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JOHANNESBURG (Reuters) - South Africa will benefit from the infrastructure developed for the soccer World Cup and should use the sport as a unifying force for years after the tournament, President Jacob Zuma said on Monday.
Zuma also took a swipe at those who doubted South Africa's ability to hold one of the world's most watched sporting events, saying the spectacle was a celebration for fellow African states who had helped in the fight against white apartheid rule.
"After many years of planning and hard work, we can tonight celebrate the long road we have journeyed together in our preparations for this first African World Cup," Zuma said in a speech prepared for a World Cup banquet.
"South Africa has come alive and will never be the same again after this World Cup."
He said the massive investment in infrastructure, which led to the construction of world-class stadiums and the overhauling of major highways, would help position South Africa as a country of choice for investment and business interests.
"The infrastructure development will continue as part of the World Cup legacy to benefit all South Africans in years to come and enable all citizens to have improved access to services and infrastructure.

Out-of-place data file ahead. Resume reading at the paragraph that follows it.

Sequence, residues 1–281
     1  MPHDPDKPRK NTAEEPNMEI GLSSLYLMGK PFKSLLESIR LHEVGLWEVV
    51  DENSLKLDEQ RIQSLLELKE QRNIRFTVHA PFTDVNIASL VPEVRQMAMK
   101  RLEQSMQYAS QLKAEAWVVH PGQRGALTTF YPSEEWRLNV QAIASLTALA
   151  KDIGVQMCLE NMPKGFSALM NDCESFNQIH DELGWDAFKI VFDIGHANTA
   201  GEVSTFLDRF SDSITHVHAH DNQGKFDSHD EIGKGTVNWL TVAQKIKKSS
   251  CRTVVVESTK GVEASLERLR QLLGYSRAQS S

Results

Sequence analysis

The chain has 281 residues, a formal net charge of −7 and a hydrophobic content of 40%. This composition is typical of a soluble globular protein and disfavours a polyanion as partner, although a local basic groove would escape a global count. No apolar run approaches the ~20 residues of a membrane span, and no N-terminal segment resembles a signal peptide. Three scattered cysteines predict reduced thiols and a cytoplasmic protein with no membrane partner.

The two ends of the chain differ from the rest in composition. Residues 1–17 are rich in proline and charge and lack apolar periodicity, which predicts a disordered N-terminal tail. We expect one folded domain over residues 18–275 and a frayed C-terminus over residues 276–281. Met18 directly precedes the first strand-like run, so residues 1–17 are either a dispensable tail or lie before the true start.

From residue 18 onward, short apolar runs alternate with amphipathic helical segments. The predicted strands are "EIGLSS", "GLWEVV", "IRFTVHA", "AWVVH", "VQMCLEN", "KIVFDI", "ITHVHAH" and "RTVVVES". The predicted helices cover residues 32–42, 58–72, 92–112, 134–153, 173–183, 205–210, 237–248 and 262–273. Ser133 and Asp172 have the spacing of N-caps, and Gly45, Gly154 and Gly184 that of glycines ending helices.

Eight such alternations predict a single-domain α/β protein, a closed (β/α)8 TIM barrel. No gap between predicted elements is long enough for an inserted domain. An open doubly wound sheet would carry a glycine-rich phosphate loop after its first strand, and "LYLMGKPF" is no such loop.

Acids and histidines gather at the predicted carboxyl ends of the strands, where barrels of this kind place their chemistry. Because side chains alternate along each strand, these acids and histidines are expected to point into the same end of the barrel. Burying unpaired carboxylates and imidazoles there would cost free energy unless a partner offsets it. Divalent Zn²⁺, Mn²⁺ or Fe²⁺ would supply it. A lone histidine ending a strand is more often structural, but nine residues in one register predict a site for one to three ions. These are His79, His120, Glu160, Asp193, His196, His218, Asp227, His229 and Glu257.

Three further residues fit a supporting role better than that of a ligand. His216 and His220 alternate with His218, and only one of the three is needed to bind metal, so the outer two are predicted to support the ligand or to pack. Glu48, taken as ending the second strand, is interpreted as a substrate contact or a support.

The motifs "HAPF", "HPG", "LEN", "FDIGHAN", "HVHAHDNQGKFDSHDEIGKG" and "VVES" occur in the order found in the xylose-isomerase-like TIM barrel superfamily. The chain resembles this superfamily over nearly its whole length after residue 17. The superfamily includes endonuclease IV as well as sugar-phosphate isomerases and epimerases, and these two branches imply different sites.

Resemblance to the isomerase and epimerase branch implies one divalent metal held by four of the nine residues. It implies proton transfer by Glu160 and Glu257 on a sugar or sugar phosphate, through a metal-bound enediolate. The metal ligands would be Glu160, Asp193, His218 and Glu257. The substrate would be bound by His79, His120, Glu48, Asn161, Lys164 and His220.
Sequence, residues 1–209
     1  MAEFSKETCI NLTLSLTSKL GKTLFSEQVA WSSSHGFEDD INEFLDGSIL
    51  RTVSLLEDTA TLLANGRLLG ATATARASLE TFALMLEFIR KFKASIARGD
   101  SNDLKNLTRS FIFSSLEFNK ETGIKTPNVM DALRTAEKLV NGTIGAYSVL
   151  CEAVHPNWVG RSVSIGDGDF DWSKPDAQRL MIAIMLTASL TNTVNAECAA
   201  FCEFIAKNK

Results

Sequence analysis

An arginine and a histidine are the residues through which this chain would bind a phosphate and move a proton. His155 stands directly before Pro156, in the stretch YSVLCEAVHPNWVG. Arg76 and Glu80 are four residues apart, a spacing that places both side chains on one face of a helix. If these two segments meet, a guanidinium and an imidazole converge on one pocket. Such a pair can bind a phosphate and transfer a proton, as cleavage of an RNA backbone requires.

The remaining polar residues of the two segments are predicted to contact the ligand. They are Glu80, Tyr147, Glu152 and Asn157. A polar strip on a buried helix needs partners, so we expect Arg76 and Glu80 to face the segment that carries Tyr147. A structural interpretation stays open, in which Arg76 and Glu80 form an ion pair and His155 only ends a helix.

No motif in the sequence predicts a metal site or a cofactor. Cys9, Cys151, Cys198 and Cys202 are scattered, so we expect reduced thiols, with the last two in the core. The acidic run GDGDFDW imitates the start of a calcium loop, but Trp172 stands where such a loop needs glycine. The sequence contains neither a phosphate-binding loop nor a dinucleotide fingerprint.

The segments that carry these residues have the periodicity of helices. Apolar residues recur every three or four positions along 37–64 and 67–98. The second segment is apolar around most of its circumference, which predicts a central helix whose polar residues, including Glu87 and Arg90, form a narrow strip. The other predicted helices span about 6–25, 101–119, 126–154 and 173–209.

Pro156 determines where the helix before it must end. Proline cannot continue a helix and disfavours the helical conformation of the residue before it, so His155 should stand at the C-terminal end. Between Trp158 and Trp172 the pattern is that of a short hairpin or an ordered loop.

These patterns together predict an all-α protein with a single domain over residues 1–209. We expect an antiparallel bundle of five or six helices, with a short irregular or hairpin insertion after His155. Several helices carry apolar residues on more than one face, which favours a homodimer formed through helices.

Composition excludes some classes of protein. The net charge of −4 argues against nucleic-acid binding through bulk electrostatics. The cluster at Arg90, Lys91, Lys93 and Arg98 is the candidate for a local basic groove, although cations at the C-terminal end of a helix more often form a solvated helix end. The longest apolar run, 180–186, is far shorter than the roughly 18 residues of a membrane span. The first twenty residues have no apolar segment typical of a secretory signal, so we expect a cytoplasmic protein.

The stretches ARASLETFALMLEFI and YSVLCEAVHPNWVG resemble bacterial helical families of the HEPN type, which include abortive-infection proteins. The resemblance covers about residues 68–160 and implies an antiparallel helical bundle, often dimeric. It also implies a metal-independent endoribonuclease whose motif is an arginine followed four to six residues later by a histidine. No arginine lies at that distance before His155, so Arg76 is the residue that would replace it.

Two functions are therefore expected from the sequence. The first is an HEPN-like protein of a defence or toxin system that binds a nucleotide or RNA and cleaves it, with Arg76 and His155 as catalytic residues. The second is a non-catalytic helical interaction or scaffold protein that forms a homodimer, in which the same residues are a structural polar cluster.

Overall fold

"After the final whistle, we have to ensure through effective development programmes, that football becomes a truly unifying and meaningful sport for our people as part of the legacy of the World Cup," Zuma added.
Echoing the South African leader, FIFA President Sepp Blatter said the tournament would inspire trust in South Africa and the rest of the continent.
"I am sure it will be the greatest World Cup in history," Blatter said.
World Cup fever has gripped South Africa four days before the tournament begins, with many local companies expected to give workers time off on days the host country has matches.
"The challenge for employers is to ensure that there is some productivity at work this month," Zuma quipped.
Reporting Barry Moody, Writing by Stella Mapenzauswa; Editing by Ed Osmond